It was when we tried to take our leave that the confusion ensued. The hamlet was built around a crossroad along with the small trail we came from. When questioning which way we needed to go we received multiple responses which became quite the debate between the villagers. Upon checking ‘maps me’ it did little to help as the GPS on my phone had no idea where we were, which was nice. Anyway, we took the road that an elder gentleman most dominantly pushed us toward. Around 45 minutes later said road took us out onto a plateau looking onto a mountain valley of which I seemed to recognise. Another ten minutes down the road we came out to the junction containing the road which would let us drive into the valley, a junction of which we had had a water break 7 hours before hand and was about 30 minutes back from the gravel path where our struggles had begun. We retraced our footsteps this time ignoring the small maps me road and had to continue another 60 km to the next accommodation. The loop within the loop was a fun but a terribly long day of spectacular driving.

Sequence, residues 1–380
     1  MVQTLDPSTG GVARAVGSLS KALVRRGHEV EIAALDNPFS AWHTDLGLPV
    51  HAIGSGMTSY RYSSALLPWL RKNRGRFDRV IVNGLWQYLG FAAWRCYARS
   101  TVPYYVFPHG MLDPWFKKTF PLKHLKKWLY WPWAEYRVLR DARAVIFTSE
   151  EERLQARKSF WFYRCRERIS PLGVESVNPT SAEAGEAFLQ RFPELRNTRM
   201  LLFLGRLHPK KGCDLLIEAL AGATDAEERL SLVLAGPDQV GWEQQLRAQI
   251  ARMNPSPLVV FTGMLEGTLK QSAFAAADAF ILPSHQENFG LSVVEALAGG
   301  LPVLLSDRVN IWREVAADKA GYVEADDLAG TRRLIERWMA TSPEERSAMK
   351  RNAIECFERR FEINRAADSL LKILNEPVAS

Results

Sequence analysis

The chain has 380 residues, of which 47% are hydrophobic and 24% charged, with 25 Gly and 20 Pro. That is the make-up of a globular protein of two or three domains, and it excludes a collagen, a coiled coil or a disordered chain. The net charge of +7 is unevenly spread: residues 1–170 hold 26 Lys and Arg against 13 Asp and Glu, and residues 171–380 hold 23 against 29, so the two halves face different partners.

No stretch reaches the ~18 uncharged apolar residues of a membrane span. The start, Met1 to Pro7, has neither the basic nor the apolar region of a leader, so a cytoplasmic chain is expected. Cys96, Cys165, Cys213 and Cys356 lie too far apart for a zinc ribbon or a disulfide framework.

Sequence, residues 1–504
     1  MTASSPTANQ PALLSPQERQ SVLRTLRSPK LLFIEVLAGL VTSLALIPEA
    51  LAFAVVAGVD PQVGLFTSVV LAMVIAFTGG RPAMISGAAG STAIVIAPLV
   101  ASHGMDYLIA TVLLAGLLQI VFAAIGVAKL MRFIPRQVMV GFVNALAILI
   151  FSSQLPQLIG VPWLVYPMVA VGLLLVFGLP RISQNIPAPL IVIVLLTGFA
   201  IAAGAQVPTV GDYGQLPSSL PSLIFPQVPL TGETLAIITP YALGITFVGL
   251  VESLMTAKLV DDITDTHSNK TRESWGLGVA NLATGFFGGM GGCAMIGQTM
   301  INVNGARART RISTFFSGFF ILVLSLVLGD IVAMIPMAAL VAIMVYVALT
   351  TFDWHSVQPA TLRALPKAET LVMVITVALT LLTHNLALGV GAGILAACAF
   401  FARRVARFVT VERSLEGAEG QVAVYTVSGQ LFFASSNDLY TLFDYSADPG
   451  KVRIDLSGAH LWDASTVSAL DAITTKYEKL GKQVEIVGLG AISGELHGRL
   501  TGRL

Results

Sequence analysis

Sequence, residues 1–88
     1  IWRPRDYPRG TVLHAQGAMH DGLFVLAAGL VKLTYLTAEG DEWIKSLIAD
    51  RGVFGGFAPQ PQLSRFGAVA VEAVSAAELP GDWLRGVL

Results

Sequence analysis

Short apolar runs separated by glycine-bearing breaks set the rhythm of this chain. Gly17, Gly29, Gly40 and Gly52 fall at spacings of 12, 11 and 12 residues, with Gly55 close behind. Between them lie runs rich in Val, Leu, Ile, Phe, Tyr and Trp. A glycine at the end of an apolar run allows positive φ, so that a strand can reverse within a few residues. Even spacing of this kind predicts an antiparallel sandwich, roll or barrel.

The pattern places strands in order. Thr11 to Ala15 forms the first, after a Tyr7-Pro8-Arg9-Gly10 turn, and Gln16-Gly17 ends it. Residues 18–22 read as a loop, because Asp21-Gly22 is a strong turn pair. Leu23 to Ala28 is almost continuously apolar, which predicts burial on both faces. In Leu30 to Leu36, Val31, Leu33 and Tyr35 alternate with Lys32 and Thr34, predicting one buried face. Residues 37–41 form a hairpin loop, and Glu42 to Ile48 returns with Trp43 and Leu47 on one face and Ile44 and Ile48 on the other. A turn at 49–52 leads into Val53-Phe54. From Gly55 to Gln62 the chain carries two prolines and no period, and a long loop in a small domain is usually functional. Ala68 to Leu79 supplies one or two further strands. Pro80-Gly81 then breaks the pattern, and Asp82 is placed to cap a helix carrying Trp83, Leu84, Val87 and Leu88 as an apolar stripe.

I was pretty pissed at the time (especially on the last episode) but looking back, these are some of the most memorable driving experiences I’ve had in Vietnam. I’m glad that ‘maps me’ isn’t the perfect map app that it could be and that I’m too lazy and inept to plan routes properly.